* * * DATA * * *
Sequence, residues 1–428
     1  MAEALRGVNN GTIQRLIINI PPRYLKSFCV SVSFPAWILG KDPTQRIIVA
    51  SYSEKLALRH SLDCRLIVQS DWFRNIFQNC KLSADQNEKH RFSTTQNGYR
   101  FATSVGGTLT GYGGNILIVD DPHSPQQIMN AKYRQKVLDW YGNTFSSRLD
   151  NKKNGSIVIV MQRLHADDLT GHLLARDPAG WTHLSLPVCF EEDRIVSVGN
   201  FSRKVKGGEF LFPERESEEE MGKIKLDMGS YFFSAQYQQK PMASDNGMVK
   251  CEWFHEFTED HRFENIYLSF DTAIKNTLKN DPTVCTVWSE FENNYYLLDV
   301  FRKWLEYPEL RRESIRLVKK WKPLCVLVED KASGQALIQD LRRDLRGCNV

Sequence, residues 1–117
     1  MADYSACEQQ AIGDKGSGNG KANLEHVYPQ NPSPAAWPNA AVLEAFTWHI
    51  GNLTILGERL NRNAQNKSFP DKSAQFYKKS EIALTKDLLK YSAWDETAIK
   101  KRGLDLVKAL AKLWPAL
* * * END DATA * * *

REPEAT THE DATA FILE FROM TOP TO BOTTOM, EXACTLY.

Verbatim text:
Sequence, residues 1–428
     1  MAEALRGVNN GTIQRLIINI PPRYLKSFCV SVSFPAWILG KDPTQRIIVA
    51  SYSEKLALRH SLDCRLIVQS DWFRNIFQNC KLSADQNEKH RFSTTQNGYR
   101  FATSVGGTLT GYGGNILIVD DPHSPQQIMN AKYRQKVLDW YGNTFSSRLD
   151  NKKNGSIVIV MQRLHADDLT GHLLARDPAG WTHLSLPVCF EEDRIVSVGN
   201  FSRKVKGGEF LFPERESEEE MGKIKLDMGS YFFSAQYQQK PMASDNGMVK
   251  CEWFHEFTED HRFENIYLSF DTAIKNTLKN DPTVCTVWSE FENNYYLLDV
   301  FRKWLEYPEL RRESIRLVKK WKPLCVLVED KASGQALIQD LRRDLRGCNV

Sequence, residues 1–117
     1  MADYSACEQQ AIGDKGSGNG KANLEHVYPQ NPSPAAWPNA AVLEAFTWHI
    51  GNLTILGERL NRNAQNKSFP DKSAQFYKKS EIALTKDLLK YSAWDETAIK
   101  KRGLDLVKAL AKLWPAL